Thursday 3rd September: Hundredth monkey

I don’t know if you have heard of the Hundredth Monkey theory.  This is when enough of a species, be it monkey or any other, learns a new skill which from then on is automatically passed to subsequent generations.  I swear this happens with my puppies, as every litter seems to be smarter than the previous ones.  Toilet training?  No problem. The new baby Lorry Pups are already using the newspaper at the end of the balcony 100% of the time.  Who taught them? Not I.

 When previous litters have reached the age when they need to run and play in the garden, they have simply stayed where they have been put.  Not the latest two groups.  They can run up and down the spiral staircase with ease, and seem to enjoy returning to their old haunts, be it the bedroom (Lorry Pups) or the top floor (Lorna’s pups).  As I’m sitting here, there is already a puppy by my feet.  He came back from the garden where I put him earlier.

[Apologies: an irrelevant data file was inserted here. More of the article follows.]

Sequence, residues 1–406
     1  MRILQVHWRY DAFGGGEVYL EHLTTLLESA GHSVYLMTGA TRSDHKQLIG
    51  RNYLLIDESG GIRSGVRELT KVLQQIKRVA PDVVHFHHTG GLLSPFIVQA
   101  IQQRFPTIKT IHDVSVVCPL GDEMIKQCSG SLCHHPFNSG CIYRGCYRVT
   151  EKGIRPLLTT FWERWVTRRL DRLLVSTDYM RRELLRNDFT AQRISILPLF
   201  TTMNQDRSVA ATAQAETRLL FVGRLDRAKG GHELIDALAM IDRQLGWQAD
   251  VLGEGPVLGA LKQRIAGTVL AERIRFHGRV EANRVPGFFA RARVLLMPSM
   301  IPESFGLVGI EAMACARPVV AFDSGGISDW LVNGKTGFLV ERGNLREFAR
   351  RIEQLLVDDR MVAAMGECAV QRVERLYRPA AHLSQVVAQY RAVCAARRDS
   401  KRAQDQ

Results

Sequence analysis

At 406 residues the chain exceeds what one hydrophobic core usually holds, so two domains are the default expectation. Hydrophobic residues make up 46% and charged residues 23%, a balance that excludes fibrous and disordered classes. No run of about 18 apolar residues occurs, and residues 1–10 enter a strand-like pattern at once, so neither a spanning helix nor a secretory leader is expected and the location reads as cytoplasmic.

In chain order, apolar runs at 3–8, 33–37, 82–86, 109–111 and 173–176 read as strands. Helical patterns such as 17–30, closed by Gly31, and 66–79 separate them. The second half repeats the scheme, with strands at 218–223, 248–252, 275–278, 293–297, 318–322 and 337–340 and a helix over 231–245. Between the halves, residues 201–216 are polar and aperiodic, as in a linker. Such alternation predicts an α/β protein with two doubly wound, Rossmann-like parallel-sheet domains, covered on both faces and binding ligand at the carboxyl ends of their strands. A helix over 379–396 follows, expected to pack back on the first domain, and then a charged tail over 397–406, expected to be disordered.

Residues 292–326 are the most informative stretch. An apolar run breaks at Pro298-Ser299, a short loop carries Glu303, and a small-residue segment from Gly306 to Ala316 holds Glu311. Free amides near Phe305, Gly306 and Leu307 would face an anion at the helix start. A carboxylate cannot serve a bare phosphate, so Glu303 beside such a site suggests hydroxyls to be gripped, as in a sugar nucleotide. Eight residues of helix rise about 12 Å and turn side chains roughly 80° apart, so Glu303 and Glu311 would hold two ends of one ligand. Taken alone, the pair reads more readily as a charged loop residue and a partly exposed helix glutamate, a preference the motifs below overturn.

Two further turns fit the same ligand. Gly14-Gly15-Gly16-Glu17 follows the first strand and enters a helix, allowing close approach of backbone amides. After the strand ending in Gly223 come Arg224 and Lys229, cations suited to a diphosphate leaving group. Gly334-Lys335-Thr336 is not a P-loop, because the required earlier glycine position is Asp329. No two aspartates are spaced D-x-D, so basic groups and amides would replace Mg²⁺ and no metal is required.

Willow is in my bedroom, where she, Minky and Murphy get up to all sorts of mischief together.  No space or place is sacred any more.

At night I now put all the puppies (except the new intakes) into the garden enclosure, a rather rudimentary but spacious shelter which is at least weatherproof and makes a comfortable dormitory.  After one night in there Lorna’s pups had devised an escape method which no previous litter, or single pup, has ever managed to do.  By using various crates and kennels as stepping stones, they can climb up to the top where there is a small gap between the wire fence and the roof.  Then they simply crawl through and drop down the other side.  Amazing, but really annoying when I have to get up several times during the night to put them back inside.  Even so, there were several of them running in the garden when I got up this morning.

I wasn’t going to write a long piece about Alfie again, but  today I took him back to where he lived.  The way of his abandonment was simply not acceptable.  What happened was that the husband turned up at the kennels at 7.30pm (we close at 7pm but Kathy was working late, as she often is), opened the front gate by himself, and pushed Alfie in.  The poor dog wasn’t even wearing a leash.  There had been no prior warning or even a hint that all wasn’t well in the Alfie household.